Backpack designs have changed from the traditional heavy nylon silhouette. Designers incorporate current trends by using different fabric types as well as fashion colors and trims to coincide with upcoming apparel collections. Embroidering onto these pre-constructed bags is a bit challenging because of bulky trims preventing the backpack from fitting onto the machine’s hoop attachment. By using adhesive press-and-tear stabilizer sheets in hard to reach embroidery sections, the hooping process is avoided and the backpack is stabilized and ready for embroidery.
Things You'll Need
- Backpack (your choice)
- Press-and-tear stabilizer sheet
- Craft knife
- Scoring tool
- Embroidery machine
Choose a location on the backpack for your embroidery design. Make sure you select a location free of bulky trims such as heavy zippers, zipper pulls or embroidered patches to avoid broken needles or skipped stitches.
Cut a piece of press-and-tear stabilizer sheet larger than your embroidery design with your scissors. For example, if your design is 4 inches wide by 6 inches long, cut your sheet approximately 6 by 8 inches.
Score the corner of the press-and-tear stabilizer with a craft knife or scoring tool on the diagonal. This sheet has a double-sided surface.The bottom surface will reveal a sticky film which will be pressed onto the area for embroidery. The top side is referred to as release paper, where the embroidery will be stitched.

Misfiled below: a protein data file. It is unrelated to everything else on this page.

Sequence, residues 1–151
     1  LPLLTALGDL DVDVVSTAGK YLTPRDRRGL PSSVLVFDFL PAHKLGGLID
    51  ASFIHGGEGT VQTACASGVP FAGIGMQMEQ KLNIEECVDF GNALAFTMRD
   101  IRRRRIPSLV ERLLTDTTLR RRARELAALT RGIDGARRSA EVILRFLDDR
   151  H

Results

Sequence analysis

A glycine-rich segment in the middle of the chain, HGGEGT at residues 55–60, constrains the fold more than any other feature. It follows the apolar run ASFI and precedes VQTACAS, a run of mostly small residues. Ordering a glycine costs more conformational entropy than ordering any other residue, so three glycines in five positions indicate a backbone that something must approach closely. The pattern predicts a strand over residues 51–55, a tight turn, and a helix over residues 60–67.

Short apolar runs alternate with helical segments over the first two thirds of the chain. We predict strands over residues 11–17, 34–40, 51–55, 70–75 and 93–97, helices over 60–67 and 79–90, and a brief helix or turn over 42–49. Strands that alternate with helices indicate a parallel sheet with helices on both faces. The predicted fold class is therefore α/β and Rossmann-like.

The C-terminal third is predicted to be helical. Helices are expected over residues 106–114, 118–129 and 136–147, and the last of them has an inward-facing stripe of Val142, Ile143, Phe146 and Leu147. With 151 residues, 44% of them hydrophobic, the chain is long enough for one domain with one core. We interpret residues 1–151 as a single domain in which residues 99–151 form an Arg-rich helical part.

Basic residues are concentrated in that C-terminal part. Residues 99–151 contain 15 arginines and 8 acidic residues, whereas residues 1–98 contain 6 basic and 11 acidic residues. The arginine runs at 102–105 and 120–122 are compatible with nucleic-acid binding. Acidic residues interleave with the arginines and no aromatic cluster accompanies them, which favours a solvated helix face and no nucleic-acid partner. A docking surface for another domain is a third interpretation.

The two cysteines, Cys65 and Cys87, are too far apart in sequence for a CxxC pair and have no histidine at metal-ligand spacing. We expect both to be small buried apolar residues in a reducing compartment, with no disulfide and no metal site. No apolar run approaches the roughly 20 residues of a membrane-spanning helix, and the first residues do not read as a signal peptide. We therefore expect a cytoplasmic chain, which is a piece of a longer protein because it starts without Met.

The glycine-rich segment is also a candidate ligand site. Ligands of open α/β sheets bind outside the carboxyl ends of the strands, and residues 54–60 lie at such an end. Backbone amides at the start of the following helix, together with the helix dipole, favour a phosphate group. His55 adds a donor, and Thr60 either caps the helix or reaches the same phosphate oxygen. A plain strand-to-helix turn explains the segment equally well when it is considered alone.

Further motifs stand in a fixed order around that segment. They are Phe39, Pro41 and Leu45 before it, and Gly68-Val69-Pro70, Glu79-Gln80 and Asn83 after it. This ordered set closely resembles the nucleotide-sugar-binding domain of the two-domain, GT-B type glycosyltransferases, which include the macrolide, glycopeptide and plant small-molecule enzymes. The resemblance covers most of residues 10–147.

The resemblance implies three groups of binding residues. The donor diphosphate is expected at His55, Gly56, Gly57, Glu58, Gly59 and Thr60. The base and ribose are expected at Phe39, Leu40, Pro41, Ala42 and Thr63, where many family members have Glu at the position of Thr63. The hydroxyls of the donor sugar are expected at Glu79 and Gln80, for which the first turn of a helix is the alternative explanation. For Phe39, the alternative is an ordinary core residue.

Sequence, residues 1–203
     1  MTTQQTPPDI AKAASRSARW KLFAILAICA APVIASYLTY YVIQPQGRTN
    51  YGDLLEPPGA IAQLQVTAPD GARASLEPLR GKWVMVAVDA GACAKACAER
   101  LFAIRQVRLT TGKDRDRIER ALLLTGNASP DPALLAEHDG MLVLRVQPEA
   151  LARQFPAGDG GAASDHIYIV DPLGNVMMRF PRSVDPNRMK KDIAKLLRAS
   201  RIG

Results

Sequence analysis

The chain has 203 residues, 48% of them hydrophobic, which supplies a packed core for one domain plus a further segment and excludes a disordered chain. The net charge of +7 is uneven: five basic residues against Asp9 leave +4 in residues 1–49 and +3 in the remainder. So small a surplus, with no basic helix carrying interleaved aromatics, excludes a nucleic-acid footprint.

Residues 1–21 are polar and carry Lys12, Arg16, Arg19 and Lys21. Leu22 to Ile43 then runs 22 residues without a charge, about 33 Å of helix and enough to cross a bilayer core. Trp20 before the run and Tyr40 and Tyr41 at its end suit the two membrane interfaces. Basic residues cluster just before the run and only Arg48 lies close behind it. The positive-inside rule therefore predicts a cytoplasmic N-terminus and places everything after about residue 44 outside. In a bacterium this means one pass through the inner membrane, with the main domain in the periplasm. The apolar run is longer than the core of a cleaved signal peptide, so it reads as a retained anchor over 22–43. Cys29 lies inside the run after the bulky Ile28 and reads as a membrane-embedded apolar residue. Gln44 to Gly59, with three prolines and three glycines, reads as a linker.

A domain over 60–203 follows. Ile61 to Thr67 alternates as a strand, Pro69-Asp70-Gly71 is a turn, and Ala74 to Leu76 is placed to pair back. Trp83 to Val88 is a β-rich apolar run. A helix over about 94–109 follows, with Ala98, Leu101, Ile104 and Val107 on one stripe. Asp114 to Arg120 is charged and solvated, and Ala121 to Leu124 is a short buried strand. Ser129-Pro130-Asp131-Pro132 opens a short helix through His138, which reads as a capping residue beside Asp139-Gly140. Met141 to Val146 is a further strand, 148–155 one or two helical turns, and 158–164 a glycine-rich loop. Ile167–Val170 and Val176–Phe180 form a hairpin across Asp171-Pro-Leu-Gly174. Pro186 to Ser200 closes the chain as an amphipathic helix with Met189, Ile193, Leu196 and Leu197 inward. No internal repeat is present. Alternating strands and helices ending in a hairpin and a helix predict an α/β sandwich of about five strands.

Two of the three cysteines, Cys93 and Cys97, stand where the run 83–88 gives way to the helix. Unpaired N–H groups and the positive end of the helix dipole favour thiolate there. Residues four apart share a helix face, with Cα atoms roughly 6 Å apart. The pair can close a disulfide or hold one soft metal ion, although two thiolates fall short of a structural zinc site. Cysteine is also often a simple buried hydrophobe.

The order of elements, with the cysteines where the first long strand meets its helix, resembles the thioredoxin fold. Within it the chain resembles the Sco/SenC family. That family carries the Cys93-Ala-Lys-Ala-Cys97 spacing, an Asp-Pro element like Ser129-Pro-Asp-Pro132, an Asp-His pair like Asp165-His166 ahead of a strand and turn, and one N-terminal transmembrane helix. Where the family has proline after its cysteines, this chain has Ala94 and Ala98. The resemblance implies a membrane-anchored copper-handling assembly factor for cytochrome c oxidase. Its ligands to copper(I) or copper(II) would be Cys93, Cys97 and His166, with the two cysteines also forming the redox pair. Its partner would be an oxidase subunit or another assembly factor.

Remove the bottom sheet and position the sticky surface onto the embroidery area by pressing it with your fingers onto the backpack. Smooth out any wrinkles.
Remove the remaining release paper carefully. The stabilizer sheet will be facing up as you insert the backpack into your machine. Make sure the press-and-tear sheet does not shift.
Embroider your design directly onto the stabilizer sheet.
Remove your finished embroidered backpack from your machine. Cut away all loose threads.
Tear away the excess press-and-tear stabilizer by gently tearing the sheet around the embroidery. This sheet type tears away clean and does not leave fuzzy debris from the sheet.
- “The Embroiderer’s Handbook”; Margie Bauer; 2005
- Photo Credit backpack image by Galyna Andrushko from Fotolia.com
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